Seed rates succeed in the north
By Wendy Owen
HOW well does HGCA-funded work on reduced cereal seed rates transfer to the north of England and Scotland?
According to a recent open day at ADAS High Mowthorpe in North Yorkshire the principles remain the same.
HGCA-funded work dating back to 1996 shows traditional winter cereal seed rates for early sown crops can be reduced by up to 60% without affecting yield. But much of that research was done at ADAS sites in Nottingham and Herefordshire.
The Yorkshire trial shows growers further north could benefit too, says research consultant David Turley. The most cost effective population for the November-drilled Claire was 154plants/sq m, representing a lower seed rate than normal (table 1).
"We expected that the more northerly sites, including those in Scotland, would need higher seed rates. But in 2001 the pattern of tiller production from Hampshire to Aberdeen was very similar."
Despite an understandable reluctance by the industry to make drastic cuts in seed rates, the High Mowthorpe work confirmed the findings of earlier studies further south, he says.
"Farmers and consultants in the north are taking a cautious approach, although in general they are getting the message that a reduction in seed rates on earlier sowings can be cost effective."
The trials have led to a range of target sowing rates for varying sowing dates, he says, with later sowings requiring a higher optimum target plant population (table 2). Soil conditions at drill-ing influence the final decision.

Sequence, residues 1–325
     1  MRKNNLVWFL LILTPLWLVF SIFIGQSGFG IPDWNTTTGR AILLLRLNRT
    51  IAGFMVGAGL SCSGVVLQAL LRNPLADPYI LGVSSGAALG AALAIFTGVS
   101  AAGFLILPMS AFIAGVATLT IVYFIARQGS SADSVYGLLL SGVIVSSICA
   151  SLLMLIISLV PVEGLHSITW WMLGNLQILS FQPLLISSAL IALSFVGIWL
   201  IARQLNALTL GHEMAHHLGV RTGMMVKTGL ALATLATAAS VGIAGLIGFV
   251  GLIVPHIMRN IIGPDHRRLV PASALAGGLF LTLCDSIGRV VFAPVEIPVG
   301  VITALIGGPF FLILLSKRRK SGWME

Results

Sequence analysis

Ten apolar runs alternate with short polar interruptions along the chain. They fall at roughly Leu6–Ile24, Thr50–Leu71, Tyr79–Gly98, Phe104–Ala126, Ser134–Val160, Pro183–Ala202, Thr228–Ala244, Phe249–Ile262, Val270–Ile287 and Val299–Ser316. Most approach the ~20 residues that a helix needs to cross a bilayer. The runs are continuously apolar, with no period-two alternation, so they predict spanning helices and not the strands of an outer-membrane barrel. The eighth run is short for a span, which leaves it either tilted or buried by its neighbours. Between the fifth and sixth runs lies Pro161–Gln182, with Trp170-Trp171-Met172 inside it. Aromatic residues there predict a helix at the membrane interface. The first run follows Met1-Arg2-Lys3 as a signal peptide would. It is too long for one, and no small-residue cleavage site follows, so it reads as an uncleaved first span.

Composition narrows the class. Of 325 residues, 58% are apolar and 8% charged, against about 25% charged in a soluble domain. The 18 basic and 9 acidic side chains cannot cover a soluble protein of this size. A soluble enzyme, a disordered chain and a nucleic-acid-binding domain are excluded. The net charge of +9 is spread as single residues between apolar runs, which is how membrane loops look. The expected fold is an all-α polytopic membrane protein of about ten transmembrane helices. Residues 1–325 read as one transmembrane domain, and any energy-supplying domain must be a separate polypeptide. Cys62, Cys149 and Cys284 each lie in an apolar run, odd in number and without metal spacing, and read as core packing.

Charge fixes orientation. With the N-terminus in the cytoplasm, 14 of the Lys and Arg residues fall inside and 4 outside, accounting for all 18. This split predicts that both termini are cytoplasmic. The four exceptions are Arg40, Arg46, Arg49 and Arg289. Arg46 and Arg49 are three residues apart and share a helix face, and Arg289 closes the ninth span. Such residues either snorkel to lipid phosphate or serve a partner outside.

There is no need to adjust seed rates for different varieties, as those tested responded to lowered plant populations in a similar way.
"In all cases, low plant populations lead to a prolonged period of compensatory tiller production. While this may lead to reduced numbers of ears, often closer to 400 than the 600-700 commonly seen with conventional sowings, the ears are larger due to more efficient light capture."
The timing of nitrogen applications could be crucial in some years, he adds.
"Following autumn 2000, residual nitrogen levels were low in 2001. In that situation we found a benefit from early application of the first nitrogen split of 40kg/ha in late February compared with delaying until April.
"But 2002 is a different year, with high nitrogen residues in the soil. Therefore nitrogen is less critical and I do not expect it to limit tillering this season. Normal application times should be sufficient to maintain yields." *
Seed rate (kg/ha) 19.7 39.3 78.6 157.3 314.6
Seed/sq m 40 80 160 320 640
Actual plant/sq m 28 64 109 216 492
Yield t/ha 8.8 10.7 11.9 12.4 12.6
Optimum plant Typical
(/sq m) rate*
End September 70 45 kg/ha
Mid-October 90 59 kg/ha
Mid-November 140 91 kg/ha
* In good field conditions (1000 grain wt=45.7g)